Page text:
For those of us at Square One who were among the record-breaking viewership of Sunday’s Super Bowl matchup between the Seattle Seahawks and the New England Patriots, the game-saving, goal-line interception by the Patriots in the final minute was exciting, to say the least. But for those of us in Family Services at Square One, the game’s most exciting moments happened off the field, on television. They were commercials.
Anticipating record-breaking viewership, advertisers paid more than $4 million dollars each for a 30-second commercial to promote their brands. So why did this excite us in Family Services? This year, some seemed to be less about consumers buying products and more about getting them to buy into the benefits of being a really good dad. It was great to see Madison Avenue validating our work. Advertisers including Dove, Nissan and Toyota promoted an “all about dad” theme. Unless they stepped out of the room for more nachos, over 100 million viewers were exposed to ads showcasing dads as loving, supportive and present figures in their children’s lives.
Every day, Square One actively promotes a similar message—and on a budget of much less than $4 million! “Anyone can be a father,” says Joni Beck Brewer, Vice President of Square One’s Family Services, “but it really takes a man to be a dad. A good dad makes all the difference in a child’s life. And through our Healthy Families home visiting program, we offer support for new dads who want to learn more about parenting and child development, work towards completing their education or achieving their job goals, and connect with needed community supports. Through Square One’s Family Services, men even have the opportunity to come to groups just for dads, where they can support each other and get new ideas about how to be a great dad.”
Research has proven, again and again, that involved dads are critical to healthy child development. A study by the Robert Wood Johnson Foundation validates that children of more engaged dads do better in school and are more likely to delay childbirth and avoid risky behavior. In contrast, boys who grow up without involved dads are more likely to be poor, underperform in school (or drop out), abuse drugs and spend time in prison. Many of the young men Square One sees never had a loving dad themselves, never had a male role model whose behavior they could observe and learn from. That’s not just sad. It’s tragic.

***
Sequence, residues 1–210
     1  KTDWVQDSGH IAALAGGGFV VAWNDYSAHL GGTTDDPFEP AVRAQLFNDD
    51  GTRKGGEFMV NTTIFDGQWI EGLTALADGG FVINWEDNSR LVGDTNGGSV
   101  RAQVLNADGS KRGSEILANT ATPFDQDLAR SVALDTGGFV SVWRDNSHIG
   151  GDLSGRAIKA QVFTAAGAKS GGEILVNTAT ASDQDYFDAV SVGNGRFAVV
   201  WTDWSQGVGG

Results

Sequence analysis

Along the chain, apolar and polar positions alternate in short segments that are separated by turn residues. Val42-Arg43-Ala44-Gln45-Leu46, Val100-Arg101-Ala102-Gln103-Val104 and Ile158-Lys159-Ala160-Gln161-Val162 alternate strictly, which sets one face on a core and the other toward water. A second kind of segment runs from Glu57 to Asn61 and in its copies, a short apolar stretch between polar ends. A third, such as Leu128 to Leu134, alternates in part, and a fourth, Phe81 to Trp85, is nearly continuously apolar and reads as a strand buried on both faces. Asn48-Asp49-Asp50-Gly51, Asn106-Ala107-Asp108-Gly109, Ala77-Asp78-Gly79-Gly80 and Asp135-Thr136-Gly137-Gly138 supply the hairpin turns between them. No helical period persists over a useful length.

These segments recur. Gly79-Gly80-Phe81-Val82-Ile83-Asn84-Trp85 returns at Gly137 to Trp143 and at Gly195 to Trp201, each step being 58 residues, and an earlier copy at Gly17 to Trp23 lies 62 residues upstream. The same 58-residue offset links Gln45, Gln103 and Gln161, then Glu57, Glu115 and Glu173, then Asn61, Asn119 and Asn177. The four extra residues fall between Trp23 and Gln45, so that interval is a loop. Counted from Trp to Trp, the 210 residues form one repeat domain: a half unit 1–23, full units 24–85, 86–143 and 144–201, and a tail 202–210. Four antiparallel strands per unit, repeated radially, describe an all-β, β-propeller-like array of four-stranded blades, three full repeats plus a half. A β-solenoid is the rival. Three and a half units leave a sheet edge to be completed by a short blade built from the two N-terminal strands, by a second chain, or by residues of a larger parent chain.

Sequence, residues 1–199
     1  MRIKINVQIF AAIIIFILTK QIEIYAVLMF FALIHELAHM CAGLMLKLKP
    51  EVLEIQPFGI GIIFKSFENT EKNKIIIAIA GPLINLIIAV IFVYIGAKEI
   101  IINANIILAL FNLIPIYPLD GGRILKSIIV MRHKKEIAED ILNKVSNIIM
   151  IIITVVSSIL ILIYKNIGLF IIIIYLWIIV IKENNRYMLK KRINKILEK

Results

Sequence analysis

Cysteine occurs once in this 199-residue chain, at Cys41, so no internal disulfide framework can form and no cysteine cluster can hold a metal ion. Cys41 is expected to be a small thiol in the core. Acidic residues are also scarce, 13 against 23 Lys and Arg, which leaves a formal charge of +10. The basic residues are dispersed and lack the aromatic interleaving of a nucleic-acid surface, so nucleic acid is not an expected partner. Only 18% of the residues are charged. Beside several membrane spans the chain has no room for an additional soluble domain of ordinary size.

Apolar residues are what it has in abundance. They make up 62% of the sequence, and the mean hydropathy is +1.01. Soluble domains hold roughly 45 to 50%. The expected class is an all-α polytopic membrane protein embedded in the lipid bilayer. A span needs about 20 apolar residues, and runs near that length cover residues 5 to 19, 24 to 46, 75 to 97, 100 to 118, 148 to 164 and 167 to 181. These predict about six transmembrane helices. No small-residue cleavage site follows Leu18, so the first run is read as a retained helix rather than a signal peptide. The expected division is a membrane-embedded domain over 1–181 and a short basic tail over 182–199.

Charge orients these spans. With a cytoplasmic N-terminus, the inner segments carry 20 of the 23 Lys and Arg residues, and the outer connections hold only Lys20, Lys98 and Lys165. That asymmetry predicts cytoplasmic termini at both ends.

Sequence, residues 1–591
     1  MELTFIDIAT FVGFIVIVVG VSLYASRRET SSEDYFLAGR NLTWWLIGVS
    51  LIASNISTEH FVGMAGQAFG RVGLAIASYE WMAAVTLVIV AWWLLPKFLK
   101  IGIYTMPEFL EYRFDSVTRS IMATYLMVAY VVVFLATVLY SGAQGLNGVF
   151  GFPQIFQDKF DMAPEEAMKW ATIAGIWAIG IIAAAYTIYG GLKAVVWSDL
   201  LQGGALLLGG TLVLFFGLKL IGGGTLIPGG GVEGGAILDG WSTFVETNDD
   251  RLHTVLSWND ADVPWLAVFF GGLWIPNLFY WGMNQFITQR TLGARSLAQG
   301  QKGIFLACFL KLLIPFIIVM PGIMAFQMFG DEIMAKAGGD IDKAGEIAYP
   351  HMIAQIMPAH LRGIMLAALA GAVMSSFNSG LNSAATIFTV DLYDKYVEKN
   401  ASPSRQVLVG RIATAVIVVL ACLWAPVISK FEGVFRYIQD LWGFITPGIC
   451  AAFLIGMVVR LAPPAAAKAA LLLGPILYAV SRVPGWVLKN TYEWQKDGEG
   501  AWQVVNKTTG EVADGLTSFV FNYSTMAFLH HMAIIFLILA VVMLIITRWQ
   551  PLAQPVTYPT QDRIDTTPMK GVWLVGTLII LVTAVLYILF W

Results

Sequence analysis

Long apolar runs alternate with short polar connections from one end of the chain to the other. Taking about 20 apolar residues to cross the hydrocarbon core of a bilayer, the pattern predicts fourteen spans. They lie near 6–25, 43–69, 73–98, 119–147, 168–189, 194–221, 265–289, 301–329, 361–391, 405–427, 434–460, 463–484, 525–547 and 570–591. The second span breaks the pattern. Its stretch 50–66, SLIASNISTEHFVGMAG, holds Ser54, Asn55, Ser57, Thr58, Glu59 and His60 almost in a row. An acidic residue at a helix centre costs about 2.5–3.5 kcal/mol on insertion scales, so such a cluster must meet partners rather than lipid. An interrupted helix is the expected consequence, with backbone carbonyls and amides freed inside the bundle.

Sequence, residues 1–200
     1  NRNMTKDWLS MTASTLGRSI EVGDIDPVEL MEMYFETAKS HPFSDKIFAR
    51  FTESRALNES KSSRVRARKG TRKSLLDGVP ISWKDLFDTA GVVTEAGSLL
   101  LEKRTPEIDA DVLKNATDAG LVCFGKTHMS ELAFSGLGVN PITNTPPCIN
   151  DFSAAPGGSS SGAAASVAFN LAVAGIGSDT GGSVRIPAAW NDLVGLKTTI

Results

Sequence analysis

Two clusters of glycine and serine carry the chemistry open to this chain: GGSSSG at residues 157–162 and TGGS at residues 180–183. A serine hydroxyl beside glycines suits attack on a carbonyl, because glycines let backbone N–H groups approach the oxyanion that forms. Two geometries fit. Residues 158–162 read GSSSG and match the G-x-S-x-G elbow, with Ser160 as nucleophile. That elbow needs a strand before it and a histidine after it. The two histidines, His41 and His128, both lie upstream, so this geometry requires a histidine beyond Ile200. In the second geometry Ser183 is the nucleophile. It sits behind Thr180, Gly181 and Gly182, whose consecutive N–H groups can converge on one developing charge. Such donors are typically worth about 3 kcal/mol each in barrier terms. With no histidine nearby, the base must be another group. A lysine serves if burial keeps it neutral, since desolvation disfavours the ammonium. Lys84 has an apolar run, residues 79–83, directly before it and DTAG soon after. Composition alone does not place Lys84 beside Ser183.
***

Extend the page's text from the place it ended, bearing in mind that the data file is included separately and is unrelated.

Of course not every new dad had the benefit of an active, present dad in his own upbringing. Square One has ways to help these men become the loving, caring dads they never had. “Our parenting programs are designed to say, You don’t have to parent as you were parented,” says Beck Brewer. “They’re designed so men can learn what they may not have learned without a dad in their own family. Square One helps them learn how to give their own kids the benefits only a loving dad can provide.”
Yes, I’m glad the Patriot’s won. (OK, really glad!) It was an incredible, come-from-behind victory. But I think there were more winners than just the players and fans. I have to tip my hat to the corporate marketing folks who took the risk to produce spots that weren’t intended to generate a laugh, but which instead were intended to inspire a few moments of reflection about the role a dad can play is in his child’s life.
We all know that a 30-second ad isn’t enough to change consumer behavior, not by itself. But it doesn’t have to be by itself. If enough of us keep the conversation going, if enough funding continues to be available to support programs for dads, and if we can reach enough men who want to be good dads, who knows? Maybe we’ll be able to celebrate an even more exciting victory. Maybe next time we’ll celebrate a different kind of triumph. Maybe we’ll celebrate the everyday triumphs that happen when every child has a dad in their lives.
Consider, if you will, just how important a caring and present dad can be.